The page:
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Nurse Gives Lethal Dose of Vecuronium Instead of Versed

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by Nurse Beth Nurse Beth, MSN (Advice Column) Writer Innovator Expert

Nurse Beth has 30 years experience as a MSN and works as a Nursing Professional Development Specialist.

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On December 26, 2017, a tragic and preventable death occurred when a patient at Vanderbilt Hospital was sent for a Positron Emission Tomography (PET) scan and received a lethal dose of Vecuronium instead of Versed. You are reading page 9 of Nurse Gives Lethal Dose of Vecuronium Instead of Versed. If you want to start from the beginning Go to First Page.

KatieMI has 6 years experience as a BSN, MSN and works as a Internal Medicine.

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She only gave 2 mg of Vec, they have the rest of the med in the syringe, which is a very small dose.

2 mg vec was way below loading and truly lethal dose. But we do not know so many details.

People usually do not have intraparenhymal brain bleeds just out of the blue sky. An elderly, already weakened and likely with some degree of parenchymal organ damage patient (HTN, afib - and that's only what the record states, there can be some more preexisting medical conditions) could get just weak a little more, and that would be enough for her to be sent into retaining CO2, respiratory acidosis and secondary arrest within those 30 min.

It was stated she was "alert and oriented" and "doing good" enough for floor transfer, but it doesn't mean she was in good shape. We all saw patients who were totally there and listed as "stable" condition and still approximately as active and strong as a jelly fish on sandy beach. When such people start to go south for literally whatever reason, they do it QUICK. It is ridiculous how low their reserves can be and how little required to move them from their "usual" state of health to the brink of dying.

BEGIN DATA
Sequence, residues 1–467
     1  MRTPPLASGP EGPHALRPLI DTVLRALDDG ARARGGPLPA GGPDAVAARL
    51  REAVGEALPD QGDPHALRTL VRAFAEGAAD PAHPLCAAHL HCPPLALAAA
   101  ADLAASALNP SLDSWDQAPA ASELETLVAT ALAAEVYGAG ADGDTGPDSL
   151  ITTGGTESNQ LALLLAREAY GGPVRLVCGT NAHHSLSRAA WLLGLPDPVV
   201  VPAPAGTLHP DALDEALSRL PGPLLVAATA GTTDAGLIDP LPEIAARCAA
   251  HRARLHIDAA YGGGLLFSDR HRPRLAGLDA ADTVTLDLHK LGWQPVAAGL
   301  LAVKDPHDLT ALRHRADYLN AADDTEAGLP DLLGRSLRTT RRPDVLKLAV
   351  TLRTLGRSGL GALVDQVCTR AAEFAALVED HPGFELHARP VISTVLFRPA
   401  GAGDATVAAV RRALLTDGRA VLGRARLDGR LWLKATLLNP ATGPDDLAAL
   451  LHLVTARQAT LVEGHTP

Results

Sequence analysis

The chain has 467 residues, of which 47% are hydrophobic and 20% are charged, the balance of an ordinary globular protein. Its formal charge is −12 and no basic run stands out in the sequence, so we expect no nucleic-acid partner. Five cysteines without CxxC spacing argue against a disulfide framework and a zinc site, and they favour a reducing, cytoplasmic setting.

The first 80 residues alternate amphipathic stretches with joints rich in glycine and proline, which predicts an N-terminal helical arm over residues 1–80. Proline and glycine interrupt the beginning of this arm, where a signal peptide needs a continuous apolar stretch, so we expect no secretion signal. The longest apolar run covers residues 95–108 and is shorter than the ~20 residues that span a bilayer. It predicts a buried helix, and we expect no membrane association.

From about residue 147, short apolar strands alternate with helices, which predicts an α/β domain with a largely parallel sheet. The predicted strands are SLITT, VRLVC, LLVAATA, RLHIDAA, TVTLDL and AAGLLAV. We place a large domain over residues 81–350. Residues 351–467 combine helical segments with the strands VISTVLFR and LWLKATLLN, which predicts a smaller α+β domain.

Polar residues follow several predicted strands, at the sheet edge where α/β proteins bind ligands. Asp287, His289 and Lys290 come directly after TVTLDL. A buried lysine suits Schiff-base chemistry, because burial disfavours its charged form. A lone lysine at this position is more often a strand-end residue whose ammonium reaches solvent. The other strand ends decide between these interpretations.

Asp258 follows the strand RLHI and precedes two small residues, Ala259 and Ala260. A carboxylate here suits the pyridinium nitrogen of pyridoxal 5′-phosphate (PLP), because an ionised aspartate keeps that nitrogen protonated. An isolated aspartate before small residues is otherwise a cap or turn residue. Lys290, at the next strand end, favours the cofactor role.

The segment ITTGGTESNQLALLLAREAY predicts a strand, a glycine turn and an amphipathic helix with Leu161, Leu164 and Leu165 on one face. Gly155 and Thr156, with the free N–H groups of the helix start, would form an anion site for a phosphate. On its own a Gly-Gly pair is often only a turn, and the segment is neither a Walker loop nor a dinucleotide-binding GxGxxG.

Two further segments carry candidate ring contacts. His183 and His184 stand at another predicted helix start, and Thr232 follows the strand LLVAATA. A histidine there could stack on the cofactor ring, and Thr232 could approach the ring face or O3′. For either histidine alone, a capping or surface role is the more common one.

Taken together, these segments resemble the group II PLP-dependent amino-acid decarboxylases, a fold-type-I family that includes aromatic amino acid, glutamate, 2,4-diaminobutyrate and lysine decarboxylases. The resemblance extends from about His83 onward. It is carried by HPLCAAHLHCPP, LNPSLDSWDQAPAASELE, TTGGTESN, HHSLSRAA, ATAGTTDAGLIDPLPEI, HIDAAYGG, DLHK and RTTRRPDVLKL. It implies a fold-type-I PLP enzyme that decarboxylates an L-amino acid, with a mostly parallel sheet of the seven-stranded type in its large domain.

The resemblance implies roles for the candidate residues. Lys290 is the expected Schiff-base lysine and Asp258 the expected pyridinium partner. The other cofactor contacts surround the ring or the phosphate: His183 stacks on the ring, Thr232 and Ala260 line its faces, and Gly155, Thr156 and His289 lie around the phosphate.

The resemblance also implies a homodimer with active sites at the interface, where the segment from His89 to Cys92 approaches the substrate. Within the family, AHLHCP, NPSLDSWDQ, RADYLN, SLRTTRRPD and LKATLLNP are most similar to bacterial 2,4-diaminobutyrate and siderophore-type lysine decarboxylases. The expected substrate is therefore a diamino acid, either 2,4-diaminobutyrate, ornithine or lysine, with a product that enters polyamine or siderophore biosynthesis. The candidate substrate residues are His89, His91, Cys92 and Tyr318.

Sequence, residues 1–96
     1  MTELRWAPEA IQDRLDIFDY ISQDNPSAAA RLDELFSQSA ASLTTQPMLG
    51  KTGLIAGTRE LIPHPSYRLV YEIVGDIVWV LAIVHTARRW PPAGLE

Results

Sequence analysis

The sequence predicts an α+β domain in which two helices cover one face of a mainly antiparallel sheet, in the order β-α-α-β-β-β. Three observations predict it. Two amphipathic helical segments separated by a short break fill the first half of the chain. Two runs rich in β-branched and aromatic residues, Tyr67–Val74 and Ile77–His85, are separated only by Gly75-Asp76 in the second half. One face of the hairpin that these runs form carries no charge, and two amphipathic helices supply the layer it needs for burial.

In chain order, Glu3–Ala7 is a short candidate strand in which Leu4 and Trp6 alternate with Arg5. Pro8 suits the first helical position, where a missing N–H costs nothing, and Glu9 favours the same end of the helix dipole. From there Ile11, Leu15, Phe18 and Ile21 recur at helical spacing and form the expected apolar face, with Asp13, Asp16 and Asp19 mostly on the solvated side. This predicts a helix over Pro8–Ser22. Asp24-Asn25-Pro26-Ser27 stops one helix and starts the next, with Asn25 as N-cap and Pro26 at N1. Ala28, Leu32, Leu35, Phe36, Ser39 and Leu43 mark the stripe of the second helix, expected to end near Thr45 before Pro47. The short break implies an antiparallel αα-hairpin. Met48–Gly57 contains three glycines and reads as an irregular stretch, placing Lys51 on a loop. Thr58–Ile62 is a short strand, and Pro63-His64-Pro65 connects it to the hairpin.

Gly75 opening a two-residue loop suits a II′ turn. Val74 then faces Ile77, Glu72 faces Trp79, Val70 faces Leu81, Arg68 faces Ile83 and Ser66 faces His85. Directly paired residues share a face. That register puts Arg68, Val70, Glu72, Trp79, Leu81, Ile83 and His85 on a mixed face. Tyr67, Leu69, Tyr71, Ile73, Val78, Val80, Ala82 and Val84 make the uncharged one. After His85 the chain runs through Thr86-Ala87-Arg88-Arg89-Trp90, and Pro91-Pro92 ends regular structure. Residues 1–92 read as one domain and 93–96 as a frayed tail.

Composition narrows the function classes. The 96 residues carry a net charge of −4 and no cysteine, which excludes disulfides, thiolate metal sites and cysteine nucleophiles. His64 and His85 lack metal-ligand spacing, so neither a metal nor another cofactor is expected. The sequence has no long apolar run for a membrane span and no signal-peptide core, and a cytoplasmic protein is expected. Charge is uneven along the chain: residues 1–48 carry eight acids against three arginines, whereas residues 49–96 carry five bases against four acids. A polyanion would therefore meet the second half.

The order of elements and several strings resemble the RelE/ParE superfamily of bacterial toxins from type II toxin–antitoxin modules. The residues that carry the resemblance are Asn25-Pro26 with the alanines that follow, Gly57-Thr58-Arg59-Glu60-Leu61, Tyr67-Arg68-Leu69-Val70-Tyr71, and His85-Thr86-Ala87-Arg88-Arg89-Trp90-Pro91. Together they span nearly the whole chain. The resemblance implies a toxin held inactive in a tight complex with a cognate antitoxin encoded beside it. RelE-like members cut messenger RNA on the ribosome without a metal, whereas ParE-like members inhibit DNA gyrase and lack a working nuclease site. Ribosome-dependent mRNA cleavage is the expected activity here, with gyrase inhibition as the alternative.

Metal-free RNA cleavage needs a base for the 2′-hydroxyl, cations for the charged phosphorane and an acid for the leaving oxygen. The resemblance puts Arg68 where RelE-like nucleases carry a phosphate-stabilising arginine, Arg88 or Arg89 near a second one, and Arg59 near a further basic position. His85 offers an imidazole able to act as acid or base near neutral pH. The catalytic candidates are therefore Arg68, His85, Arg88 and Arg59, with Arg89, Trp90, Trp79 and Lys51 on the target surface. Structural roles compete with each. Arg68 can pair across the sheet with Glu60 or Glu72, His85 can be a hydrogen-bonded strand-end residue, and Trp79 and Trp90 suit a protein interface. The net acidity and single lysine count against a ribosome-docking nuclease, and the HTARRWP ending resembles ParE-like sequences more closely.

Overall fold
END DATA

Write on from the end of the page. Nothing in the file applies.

Plus, we still have no idea why doctors wanted her to get that whole body PET scan. From the fact that she had intraparenhymal brain bleed as admission to ICU diagnosis, one educated (although, I admit, far-cry) guess would be DDx of "active" brain met or/ vs. glioblastoma multiforme. Both frequently manifest with intraparenchymal brain bleed, both are quickly "treated" symptomatically so patient "starts to improve" and can be transferred to floor (in just 2 days - admitted 12/24, the event took place 12/26) and workup for both typically involve that whole body PET scan.

Edited by KatieMI

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2 mg vec was way below loading and truly lethal dose. But we do not know so many details.

And the "truly lethal dose" of vecuronium would be what, exactly?

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KatieMI has 6 years experience as a BSN, MSN and works as a Internal Medicine.

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And the "truly lethal dose" of vecuronium would be what, exactly?

0.08 - 0.1 mg/kg. Or approximately 1 standard reconstituted vial of 10 mg for anyone weighting 70 to 100 kg (165 to 220 lbs). Full paralysis in 3 to 5 min with impossibility to breathe without mechanical support of ventilation of some kind, then death from hypoxia in 3 to 5 min more.

BTW, cause of death would be "hypoxia", "respiratory failure", "anoxic brain damage" or something like this but not "vecuronium poisoning". Paralyzing agents are absolutely safe in terms of they do not kill like cyanides. Their expected effect is what causes death if patient is not helped to breathe till their action is over.

Edited by KatieMI